4) Digital Solutions, the smart plug 'n play solutions improving people's quality of life, planet sustainability and city's profits (e.g. adaptive traffic lighting, optimized waste management etc.)
Role of the different players in a Smart City
For the successful development of a Smart City, a coordinated approach is needed, with significant actions to be fulfilled for the development of all building blocks. For each building block, specific players will be responsible in the overall Smart City ecosystem:
For the Central Infrastructure, the main role is to be played by the local and national governments. They should define the long-term strategy and coordinated approach for the Smart City with clear objectives and a roadmap. They will set the rules of the game for all players, with for example an open data policy for remote management of the city assets, to be leveraged by third parties in their applications. A dedicated function within these public institutions should be created, leveraging all specialized knowledge of the specific council departments.
To develop the Distributed Infrastructure, the current capabilities in terms of big data and connectivity should be identified first. The right Telecom players should be attracted and stimulated to further develop the connectivity and data storage capabilities within the city, as key requirements for the development of applications. Investments will be needed in networks and software to cope with a significant increase in the number of smart devices and the new data traffic streams they create. Their networks will have to deliver significantly higher performance to be able to deliver critical data services.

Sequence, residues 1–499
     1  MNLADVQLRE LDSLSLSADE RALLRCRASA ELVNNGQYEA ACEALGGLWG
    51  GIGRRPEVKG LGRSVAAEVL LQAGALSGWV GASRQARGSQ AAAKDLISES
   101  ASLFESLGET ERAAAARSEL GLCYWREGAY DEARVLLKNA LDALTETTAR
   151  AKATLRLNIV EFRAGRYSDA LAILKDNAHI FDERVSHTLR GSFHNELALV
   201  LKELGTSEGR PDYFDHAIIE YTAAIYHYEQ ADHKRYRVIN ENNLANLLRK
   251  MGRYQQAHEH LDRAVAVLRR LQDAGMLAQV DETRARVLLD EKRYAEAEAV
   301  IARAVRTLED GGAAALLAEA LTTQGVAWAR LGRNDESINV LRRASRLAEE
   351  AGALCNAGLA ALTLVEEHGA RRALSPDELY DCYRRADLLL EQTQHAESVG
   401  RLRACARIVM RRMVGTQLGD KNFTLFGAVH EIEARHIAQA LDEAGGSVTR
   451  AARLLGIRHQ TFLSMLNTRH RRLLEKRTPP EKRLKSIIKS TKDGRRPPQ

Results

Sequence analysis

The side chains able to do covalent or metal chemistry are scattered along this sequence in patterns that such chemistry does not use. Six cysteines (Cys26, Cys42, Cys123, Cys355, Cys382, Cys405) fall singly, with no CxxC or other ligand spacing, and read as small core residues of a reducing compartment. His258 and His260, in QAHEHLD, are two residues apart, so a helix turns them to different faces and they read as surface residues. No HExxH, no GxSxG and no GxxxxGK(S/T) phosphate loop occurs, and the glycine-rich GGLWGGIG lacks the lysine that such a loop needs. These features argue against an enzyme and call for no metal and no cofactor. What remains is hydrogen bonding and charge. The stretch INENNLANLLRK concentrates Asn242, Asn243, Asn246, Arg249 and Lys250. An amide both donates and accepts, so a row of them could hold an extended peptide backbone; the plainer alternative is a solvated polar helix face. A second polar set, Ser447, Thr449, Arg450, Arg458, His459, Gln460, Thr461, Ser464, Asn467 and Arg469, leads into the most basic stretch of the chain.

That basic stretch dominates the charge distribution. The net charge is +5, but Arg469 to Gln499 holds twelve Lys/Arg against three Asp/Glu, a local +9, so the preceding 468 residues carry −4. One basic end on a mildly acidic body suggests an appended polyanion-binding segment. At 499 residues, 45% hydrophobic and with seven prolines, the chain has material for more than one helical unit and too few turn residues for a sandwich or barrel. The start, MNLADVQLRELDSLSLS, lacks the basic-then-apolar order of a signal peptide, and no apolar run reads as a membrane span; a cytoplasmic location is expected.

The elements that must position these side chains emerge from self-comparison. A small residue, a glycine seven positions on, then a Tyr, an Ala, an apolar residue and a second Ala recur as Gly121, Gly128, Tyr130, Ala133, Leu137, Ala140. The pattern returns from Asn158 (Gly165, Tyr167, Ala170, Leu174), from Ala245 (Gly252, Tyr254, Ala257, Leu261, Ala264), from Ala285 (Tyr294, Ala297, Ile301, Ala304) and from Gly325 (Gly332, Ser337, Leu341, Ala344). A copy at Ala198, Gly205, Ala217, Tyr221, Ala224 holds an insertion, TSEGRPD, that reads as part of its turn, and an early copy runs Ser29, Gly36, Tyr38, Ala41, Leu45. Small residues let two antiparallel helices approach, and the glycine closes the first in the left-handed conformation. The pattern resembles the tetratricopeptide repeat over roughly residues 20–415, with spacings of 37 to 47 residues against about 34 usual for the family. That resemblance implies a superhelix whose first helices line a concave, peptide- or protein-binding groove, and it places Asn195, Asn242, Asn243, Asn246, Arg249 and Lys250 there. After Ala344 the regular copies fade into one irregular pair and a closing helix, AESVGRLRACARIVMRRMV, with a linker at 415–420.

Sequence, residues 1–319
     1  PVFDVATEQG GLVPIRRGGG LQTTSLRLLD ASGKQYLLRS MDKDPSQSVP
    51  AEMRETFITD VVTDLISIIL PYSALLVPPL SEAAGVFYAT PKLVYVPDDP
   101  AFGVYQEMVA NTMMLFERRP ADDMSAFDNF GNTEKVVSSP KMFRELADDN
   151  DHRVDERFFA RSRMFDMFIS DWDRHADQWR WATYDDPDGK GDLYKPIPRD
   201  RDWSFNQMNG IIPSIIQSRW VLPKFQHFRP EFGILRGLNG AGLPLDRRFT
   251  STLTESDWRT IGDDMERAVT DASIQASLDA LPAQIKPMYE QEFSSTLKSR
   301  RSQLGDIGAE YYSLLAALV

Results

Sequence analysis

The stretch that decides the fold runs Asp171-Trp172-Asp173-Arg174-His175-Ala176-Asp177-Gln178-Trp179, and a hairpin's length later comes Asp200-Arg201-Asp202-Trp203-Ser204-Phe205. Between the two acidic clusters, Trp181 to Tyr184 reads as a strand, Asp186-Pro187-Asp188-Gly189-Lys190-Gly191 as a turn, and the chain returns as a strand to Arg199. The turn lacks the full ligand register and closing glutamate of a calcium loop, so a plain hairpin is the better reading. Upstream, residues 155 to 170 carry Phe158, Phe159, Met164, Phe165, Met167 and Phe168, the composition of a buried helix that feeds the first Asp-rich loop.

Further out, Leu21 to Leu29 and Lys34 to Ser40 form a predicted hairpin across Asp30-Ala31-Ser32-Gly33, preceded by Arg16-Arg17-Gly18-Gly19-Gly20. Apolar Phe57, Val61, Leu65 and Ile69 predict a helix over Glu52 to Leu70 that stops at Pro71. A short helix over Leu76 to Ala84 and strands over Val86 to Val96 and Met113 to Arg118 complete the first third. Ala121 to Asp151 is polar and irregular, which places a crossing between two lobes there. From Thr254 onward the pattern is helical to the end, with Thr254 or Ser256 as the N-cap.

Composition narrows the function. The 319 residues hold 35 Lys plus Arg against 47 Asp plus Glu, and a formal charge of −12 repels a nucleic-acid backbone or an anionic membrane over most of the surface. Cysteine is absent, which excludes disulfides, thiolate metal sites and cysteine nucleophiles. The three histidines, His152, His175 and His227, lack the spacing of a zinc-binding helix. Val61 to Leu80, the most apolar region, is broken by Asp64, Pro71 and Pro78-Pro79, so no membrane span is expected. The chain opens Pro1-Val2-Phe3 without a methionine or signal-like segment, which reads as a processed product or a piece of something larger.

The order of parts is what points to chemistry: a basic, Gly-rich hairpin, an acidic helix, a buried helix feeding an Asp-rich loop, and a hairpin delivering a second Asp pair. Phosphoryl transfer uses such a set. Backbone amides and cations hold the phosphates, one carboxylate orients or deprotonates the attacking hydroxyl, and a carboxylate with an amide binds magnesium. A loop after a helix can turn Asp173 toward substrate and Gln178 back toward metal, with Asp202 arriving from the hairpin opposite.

To build the network of Digital Enablers, both technology players and other industrial players will be key partners for the governments. The network of digital enablers will consist out of both new digital connected assets (e.g. self-driving cars, parking availability sensors, waste bin sensors etc.) and existing city assets turned into a connected asset connected with the city's big data platform (e.g. CCTV images, luminaires etc.). Technology players will need to develop new smart assets and ensure that the necessary existing city assets become smart, by connecting them with the central data framework and with other smart assets.
For the Smart Solutions, both Start-ups and established companies will play an important role in their development. Both will be in the lead to develop new Smart Solutions, building on the Distributed Infrastructure and the Digital Enablers to provide a solution improving one of the three objectives of a Smart City.
In conclusion, cities should build ecosystems that will build self-developing smart cities. To do so, they need to take 4 steps:
1) Define the strategy and set up a central function to coordinate all efforts. Cities should determine the rules in the form of a comprehensive and coherent set of policies to govern and stimulate the usage of smart applications. To assess the maturity of the current positioning, Roland Berger has developed a Smart City Strategy Index
2) Plan for the development of big data and connectivity capabilities
3) Plan for the digitization of the city's (new and existing) assets
4) Attract and stimulate developers of digital solutions
Pressure on cities, big or small, to digitize will only continue to increase, as well as the complexity of the choices at hand. Building on each other strengths, only a well-functioning ecosystem of complementary partners can unlock the smart city potential.